Workers Struggles: The Americas

Latin America

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Protests continue in Peru over onerous rise in living expenses

Protests in Peru against spiraling inflation continued last week. In Cusco, members of various unions and social organizations struck for 48 hours beginning April 18. Train service to the tourist attraction Machu Picchu was halted and roads were blocked.

Among the demands of the protesters are reduction in the prices of fuel, utilities and essential food items. They also have called for a rewriting of the nation’s constitution, which heavily favors business interests over those of the working class and poor. Measures by the administration of Pedro Castillo, such as elimination of taxes on essential food and fuel and raising the minimum wage, have not quelled the anger and distrust of the government.

On April 21, the National Assembly of the Agrarian Sector called a strike, alleging, “The Executive Power is kidnapped by the big monopolies and also by the Congress, that do not let [the government] work.” Among its demands are an increase in the national budget for the agricultural sector, the dissolution of monopolies and the calling of a constituent assembly.

In the southern Moquegua region, the administration declared a state of emergency April 20 and sent in the army to stop protests against the Cuajone copper mining complex in southern Peru by indigenous residents. The protesters, who accused the mine of not benefiting the surrounding communities and demanding compensation, had blockaded the mine and cut off its water supply. They ended their protest on April 22 after 50 days.

Transport union in Argentina calls two-day strike for wage parity

The Automotive Tramway Union (UTA) called for a 48-hour strike by short- and medium-distance passenger transport drivers beginning April 26 throughout Argentina’s interior. In its April 21 announcement of the stoppage, UTA said that the measure was taken to demand that passenger transport workers in the nation’s interior be given the same increase that drivers in the Buenos Aires Metropolitan Area (AMBA) receive.

UTA blamed the various provincial and national departments of the transport sector for the strike call. It claimed that “the National State has been highly assisting a transportation system that is the exclusive responsibility of the provincial governments, who have not only abandoned all areas of joint negotiation but are also unaware of the repeated invitations to participate in salary discussions.”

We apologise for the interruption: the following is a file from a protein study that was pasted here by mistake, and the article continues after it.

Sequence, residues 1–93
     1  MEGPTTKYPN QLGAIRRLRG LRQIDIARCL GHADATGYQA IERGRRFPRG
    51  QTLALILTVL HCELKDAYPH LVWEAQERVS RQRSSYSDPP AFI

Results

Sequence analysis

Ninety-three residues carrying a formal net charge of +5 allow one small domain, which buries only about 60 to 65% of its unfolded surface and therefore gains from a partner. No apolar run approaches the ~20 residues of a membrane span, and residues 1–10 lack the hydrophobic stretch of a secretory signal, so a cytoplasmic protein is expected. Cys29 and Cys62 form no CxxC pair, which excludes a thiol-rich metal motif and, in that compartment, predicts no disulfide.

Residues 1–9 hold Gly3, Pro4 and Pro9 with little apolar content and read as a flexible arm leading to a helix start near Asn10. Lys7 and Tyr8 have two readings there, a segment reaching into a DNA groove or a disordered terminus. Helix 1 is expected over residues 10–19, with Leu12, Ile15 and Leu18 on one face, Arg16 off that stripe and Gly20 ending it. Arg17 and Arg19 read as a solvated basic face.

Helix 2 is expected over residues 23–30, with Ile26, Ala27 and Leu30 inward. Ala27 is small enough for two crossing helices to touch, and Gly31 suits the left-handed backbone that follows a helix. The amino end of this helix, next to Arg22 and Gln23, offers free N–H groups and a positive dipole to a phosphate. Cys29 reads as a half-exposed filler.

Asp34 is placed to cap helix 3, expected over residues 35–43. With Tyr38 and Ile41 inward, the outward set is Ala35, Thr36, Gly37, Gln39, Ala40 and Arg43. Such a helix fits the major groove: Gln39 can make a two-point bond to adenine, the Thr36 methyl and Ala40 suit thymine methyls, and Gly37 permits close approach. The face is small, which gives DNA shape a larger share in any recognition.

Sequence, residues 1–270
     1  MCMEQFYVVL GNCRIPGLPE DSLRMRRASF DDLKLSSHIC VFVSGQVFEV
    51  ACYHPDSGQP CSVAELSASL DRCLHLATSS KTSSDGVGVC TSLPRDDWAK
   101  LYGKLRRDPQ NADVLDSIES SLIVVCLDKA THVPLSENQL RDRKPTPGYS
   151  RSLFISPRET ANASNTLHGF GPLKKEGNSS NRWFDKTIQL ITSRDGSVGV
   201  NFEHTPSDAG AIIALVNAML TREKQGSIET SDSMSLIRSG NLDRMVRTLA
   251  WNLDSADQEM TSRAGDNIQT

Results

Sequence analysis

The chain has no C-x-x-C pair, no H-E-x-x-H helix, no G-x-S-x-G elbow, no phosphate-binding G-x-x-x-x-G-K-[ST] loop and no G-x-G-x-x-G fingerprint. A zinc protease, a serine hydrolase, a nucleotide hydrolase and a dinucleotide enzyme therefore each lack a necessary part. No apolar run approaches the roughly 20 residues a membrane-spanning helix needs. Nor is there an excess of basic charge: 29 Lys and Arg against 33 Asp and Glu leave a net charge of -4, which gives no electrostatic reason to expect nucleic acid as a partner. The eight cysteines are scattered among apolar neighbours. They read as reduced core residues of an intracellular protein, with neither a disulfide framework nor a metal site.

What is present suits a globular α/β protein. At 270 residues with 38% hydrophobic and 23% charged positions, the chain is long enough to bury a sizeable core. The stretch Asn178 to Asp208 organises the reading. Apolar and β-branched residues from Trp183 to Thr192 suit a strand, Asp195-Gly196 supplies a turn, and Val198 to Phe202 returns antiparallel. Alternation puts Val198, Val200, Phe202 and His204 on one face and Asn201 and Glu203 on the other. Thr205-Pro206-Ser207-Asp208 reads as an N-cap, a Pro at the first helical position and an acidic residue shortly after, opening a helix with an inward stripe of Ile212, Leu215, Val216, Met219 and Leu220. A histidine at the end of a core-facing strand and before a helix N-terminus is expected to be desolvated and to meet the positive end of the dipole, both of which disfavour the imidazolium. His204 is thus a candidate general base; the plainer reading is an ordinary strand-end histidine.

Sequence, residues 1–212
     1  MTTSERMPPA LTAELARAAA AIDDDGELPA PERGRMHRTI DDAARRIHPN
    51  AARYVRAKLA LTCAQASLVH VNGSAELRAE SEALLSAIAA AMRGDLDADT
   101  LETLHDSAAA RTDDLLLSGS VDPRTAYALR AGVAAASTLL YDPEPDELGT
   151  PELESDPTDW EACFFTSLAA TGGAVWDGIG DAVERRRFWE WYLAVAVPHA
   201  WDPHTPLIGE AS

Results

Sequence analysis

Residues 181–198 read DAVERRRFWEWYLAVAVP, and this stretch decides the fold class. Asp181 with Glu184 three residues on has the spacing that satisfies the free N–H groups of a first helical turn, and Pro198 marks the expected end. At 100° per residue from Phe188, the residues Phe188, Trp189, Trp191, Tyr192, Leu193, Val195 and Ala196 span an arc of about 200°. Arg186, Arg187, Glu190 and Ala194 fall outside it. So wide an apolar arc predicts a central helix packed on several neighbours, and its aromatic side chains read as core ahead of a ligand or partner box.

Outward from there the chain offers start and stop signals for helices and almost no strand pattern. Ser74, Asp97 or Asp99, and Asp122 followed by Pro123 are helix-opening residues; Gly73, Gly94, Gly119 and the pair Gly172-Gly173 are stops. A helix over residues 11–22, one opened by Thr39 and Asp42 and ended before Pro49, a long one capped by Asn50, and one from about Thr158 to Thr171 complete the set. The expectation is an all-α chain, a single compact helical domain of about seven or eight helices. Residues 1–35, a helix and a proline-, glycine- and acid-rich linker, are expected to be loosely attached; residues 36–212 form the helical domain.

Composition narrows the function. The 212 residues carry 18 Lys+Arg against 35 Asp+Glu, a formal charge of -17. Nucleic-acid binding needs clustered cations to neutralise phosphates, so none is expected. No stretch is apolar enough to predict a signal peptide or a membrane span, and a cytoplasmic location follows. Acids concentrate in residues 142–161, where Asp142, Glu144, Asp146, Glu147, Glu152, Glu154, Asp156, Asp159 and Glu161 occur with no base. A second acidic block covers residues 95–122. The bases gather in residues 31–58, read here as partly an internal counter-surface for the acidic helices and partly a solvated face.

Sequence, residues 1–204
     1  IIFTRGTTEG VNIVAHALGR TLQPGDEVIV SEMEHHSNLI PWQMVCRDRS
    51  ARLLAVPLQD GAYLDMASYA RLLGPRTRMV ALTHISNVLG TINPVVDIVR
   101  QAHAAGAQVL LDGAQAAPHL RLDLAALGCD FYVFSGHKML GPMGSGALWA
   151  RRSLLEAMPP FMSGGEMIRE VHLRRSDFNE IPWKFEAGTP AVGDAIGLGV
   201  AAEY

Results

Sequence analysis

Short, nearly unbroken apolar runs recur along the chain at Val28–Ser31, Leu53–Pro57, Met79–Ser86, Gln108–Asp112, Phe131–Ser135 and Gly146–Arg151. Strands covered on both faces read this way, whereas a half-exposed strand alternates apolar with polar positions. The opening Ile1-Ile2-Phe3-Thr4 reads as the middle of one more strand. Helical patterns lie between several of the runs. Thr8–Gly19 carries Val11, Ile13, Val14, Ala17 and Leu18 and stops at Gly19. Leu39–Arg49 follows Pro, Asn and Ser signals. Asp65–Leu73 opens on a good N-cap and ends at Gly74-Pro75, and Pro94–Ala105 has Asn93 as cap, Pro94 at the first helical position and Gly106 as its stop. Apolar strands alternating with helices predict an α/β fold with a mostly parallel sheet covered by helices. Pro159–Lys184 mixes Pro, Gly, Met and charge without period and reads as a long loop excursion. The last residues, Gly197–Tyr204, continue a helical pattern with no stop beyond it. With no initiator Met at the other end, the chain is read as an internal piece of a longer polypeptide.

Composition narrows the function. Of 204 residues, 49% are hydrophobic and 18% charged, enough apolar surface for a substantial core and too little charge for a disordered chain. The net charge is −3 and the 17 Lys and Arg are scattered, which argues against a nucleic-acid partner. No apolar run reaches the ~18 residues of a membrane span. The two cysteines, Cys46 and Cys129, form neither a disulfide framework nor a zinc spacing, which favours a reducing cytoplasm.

The strike call follows a February suspension of activities in public passenger transport throughout the interior of the country called by the Argentine Federation of Automotive Passenger Transporters (Fatap) due to lack of funds to pay salaries and fuel. Fatap noted at the time that the government had made disbursements for fuel and wages in the AMBA but not in the interior. Weeks later, the federal government delivered the funds for public transport in the interior.

Panamanian trash collectors strike over pay demands

Workers for the Aguaseo solid waste collection company in the city of Colón, Panama walked off the job April 21 over wage demands. In negotiations with the firm, the Workers' Union of the Aguaseo Company (Sitraseo), proposed a 16 percent wage increase over three years. Aguaseo’s proposal is 8 percent over four years.

Sitraseo also has accused Aguaseo of violating labor laws for years, and denounced the firm’s rejection of the union’s offer to collect waste from hospitals, schools and other sensitive places. The Labor and Labor Development Ministry has submitted the unresolved issues to arbitration. 

Dominican Republic: Protest called over high cost of living, infrastructure and environmental issues

Union and social organizations in the Dominican Republic’s Cibao region called a one-day strike for April 25 last week. The Cibao region, made up of 14 northern provinces, is the most populous region in the country, with over 5.6 million inhabitants.

Spokespeople for the Cibao Coalition, which encompasses over 200 popular groups, listed the demands of the protest: a reduction in the price of groceries, fuels and utilities; higher wages for both public and private sector workers; building and improvements of infrastructure such as hospitals, schools, roads and aqueducts. They also called for an end to construction of two dams that they consider destructive of the environment. They accused the president, Luis Abinader, of serving the interests of millionaires while slighting the social needs of workers and poor people.

United States

Pilots at Alaska Airlines to vote for strike authorization as workloads cause stress